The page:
Liang’s Kitchen – San Jose, CA

Also known as Liang’s Village Cuisine. This is a chain restaurant that is the brain child of Mrs Anne Liang (aka Liang Mama), who migrated to SoCal from Taiwan in the 1980. What started as a little noodle shop in SoCal has not become a chain of 9 restaurants all over California. They define their food as “Military Village Food”, and its history dates back to the 1950’s, when Liang Mama cooked at the military kitchens back in Taiwan. Because the military villages were composed of a melting pot of individuals from all over China, she learnt how to prepare dishes from other regions as well.

This is the second location I have tried (the first being the one in Cupertino). Came at about 11 ish on a weekday and the place got packed fast!

Once we walked in, there is a glass display of army planes and a glass refrigerator with cold appetisers.

Menu is fairly extensive with a good range of noodle dishes (which they are popular for); lunch rice meals; small plates & specialty drinks.

Once seated, we were presented with the order sheet. The pictures in the main menu helps~ When it states L or R next to the noodle dishes, it just means La Pian (wide hand pulled noodles) & R is Regular thin noodles.

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We ordered:

Salty Duck (1/4) $6.25

Pretty good. Nothing exciting but well prepared salted duck. I was a little put off with the feathers bits that were stuck on it but it was good. Not overly salty and tasted how it should; Cold, a little gamey and salted throughout.

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Mixed Black Bean Dry Noodles $6.25

In the menu this was described as spicy but it actually was not. I can’t usually tolerate a lot of spice but I polished this off easily. It had every taste on the spectrum – salty, sweet, a little tangy (from the pickled chilis) and a little spicy. There were all kinds of random bits of the pork in the dish; I can’t say I could identify all of it but I got minced pork, liver, lung and other parts I don’t know… It was interesting texturally and very well balanced.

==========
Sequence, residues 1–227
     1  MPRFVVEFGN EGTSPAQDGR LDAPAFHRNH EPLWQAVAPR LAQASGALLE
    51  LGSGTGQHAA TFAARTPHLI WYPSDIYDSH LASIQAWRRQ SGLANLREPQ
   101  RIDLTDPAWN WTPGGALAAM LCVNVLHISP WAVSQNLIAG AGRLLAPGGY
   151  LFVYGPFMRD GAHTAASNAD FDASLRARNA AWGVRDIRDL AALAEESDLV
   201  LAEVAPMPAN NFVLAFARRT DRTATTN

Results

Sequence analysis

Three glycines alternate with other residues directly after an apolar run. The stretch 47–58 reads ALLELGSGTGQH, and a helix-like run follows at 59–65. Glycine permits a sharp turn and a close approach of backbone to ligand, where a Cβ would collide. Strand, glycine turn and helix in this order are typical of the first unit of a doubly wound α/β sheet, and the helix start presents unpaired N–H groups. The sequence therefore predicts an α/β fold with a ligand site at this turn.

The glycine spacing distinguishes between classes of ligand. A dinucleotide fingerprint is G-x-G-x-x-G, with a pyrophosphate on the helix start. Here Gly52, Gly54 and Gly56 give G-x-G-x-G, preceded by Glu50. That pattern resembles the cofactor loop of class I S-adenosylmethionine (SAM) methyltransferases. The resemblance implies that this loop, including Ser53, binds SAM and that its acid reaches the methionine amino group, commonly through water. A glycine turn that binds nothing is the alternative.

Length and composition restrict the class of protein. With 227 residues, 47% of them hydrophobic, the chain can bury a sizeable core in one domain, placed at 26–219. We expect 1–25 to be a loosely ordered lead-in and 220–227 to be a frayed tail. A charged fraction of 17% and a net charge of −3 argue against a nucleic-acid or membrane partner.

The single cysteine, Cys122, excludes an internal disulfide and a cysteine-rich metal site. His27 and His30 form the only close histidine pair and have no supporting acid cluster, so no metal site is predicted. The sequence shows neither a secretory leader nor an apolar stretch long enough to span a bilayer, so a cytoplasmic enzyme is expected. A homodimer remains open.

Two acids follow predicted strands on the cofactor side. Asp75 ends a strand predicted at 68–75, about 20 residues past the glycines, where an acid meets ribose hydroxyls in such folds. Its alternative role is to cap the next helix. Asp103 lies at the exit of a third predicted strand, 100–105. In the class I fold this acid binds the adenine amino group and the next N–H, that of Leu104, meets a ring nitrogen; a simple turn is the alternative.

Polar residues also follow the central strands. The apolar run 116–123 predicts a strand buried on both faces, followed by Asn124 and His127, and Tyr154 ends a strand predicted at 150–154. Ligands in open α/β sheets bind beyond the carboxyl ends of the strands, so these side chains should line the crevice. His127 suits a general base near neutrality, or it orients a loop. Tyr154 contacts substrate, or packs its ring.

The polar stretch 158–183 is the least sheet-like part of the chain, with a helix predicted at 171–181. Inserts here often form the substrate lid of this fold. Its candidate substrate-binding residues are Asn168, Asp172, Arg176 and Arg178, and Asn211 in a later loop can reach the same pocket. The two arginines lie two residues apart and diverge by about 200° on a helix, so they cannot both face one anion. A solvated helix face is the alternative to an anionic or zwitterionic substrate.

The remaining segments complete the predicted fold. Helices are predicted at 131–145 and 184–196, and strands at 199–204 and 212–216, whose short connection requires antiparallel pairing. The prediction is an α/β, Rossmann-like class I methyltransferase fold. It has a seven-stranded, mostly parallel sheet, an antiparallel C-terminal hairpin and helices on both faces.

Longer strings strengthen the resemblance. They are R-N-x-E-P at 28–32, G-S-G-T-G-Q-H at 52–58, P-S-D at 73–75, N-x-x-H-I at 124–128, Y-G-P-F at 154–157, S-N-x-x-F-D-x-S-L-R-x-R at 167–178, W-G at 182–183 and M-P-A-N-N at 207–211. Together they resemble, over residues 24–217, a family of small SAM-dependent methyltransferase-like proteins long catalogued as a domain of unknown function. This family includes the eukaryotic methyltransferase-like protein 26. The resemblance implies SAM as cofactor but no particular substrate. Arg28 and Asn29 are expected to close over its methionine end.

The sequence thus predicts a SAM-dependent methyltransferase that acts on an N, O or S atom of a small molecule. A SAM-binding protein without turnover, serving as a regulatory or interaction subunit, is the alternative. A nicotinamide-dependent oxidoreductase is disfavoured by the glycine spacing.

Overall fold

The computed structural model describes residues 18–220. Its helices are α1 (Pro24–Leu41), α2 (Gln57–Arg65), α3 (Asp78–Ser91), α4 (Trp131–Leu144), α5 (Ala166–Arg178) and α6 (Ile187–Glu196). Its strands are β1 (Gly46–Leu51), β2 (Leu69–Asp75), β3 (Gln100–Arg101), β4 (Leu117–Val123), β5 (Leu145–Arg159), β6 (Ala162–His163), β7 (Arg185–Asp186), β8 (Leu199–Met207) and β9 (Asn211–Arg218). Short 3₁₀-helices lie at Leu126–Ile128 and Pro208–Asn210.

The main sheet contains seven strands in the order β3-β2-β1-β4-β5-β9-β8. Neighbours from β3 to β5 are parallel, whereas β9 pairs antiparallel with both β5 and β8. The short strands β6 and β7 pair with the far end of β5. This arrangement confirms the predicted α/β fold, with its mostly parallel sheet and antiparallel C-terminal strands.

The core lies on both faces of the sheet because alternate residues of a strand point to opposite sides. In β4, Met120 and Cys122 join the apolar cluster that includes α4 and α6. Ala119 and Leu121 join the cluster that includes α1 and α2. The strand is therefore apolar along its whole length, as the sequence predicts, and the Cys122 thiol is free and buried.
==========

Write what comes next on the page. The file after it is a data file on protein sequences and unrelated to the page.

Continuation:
The noodles were cooked completely but it still managed to be a tad chewy. It holds up against the nice meaty sauce well.

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Beef Tendon Noodle Soup (L) $7.50

Another well prepared dish that hits the spot. The soup was very well balanced – beefy, salty and full bodied with hints of chinese spices. The beef chunks & tendon were very tender and packful of flavour on their own. The noodles were cooked a little al dente with a nice bite to it and has the “chewy” aspect as expected of chinese noodles. Definitely tasted like it was made fresh.

The noodles came topped with pickled sour mustard. It adds a nice acidity to the dish and cuts through the rich fatty soup but a tad overwhelming. I would have preferred it on the side.

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Total Damage: $26 (Including tax & tip)

Personal Rating: 3.25 out of 5 (Pretty Good)

Nothing was exceptional but all dishes were well above average with authentic flavours were authentic and well balanced. Not the best beef noodle but definitely hit the spot for any craving. The noodles are definitely fresh made and taste pretty darn amazing;  with the constant food traffic I doubt the food will be nothing less than fresh.

Service is pretty decent, but very slow – with only 2 servers working the whole restaurant even during the lunch rush. Other than getting our order and bringing us our food & bill, we never saw them again.

All in all, I would definitely come back for good cheap eats!

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Liang’s Kitchen

1701 Lundy Avenue
San Jose, CA 95131

(408) 392 0333

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